The activities of car cloning syndicates has cost the government RM30 million in lost taxes, according to the Road Transport Department (JPJ). The department estimated that around 2,000 cloned cars had been brought into the country, mostly from Singapore, Bernama reports.

“Most of the cloned cars were brought in from Singapore, which has an expiry policy for vehicles every five years and the syndicate is using that opportunity to produce cloned cars. Because of this, the country has lost about RM30 million this year as the syndicate has been able to avoid paying taxes and also falsified documents for the vehicles,” JPJ director-general Datuk Seri Ismail Ahmad said.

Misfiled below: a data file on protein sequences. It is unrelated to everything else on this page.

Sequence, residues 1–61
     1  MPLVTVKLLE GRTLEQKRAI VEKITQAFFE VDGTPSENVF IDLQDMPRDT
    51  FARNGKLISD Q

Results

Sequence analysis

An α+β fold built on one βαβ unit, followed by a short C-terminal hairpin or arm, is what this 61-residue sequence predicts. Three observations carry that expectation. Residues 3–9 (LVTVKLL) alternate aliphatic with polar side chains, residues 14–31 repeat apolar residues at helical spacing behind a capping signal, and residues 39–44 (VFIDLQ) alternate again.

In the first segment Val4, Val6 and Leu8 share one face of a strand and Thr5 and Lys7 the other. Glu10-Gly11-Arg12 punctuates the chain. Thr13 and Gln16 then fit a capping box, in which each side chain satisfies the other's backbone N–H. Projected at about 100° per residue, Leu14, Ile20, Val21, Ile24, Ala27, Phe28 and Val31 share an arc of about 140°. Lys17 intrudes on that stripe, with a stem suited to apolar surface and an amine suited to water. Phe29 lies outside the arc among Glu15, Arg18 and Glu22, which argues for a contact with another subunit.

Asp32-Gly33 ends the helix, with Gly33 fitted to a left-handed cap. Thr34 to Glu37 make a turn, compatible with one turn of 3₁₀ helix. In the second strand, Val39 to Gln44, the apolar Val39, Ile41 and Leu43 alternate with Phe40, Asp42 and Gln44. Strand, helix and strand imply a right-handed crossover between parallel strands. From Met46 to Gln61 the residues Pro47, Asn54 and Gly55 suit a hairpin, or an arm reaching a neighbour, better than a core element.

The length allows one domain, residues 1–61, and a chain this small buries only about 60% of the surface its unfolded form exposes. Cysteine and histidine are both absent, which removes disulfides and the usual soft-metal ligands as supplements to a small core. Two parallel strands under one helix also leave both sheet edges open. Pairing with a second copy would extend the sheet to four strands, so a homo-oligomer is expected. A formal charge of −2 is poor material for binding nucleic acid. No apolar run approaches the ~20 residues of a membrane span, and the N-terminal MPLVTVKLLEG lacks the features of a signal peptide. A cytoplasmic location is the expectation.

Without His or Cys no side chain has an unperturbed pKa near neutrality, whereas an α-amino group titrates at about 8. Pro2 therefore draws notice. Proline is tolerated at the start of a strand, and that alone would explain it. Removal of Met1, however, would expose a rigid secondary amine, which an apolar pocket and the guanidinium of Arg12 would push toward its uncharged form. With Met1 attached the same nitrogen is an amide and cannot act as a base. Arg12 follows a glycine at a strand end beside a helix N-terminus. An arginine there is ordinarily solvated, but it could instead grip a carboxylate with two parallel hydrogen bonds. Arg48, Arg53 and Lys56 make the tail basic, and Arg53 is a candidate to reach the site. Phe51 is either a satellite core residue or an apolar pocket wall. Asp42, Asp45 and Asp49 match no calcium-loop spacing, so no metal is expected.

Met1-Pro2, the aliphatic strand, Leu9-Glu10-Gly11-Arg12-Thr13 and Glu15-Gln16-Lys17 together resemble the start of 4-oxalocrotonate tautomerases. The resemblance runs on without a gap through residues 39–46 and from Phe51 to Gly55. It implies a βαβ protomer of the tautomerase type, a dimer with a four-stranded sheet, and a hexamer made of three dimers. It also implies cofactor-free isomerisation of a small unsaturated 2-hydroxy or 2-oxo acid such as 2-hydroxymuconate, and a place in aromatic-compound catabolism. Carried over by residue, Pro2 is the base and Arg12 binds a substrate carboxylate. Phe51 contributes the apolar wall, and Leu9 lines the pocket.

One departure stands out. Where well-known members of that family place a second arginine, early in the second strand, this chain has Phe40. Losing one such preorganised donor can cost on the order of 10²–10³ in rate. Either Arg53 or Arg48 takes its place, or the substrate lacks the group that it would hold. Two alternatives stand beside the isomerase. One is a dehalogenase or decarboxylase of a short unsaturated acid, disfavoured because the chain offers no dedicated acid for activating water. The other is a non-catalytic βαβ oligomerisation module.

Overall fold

He said the the department will be using the Vehicle Entry Permit (VEP) system, which will register all foreign cars entering the country’s gateways, next year to curb the growing issue. He also reminded the public that these cars do not have insurance coverage and as such represent a danger to both owner and other road users.


He added that the department had been mounting operations to weed out cloned cars and had obtained significant results. “A total of 371 cloned vehicles of various makes were confiscated since the operations began in November last year, while two syndicate members were also detained,” he said.

Another news report stated that of this number, Terengganu registered the highest number of cloned cars with 166, 88 of which were Honda Jazz models.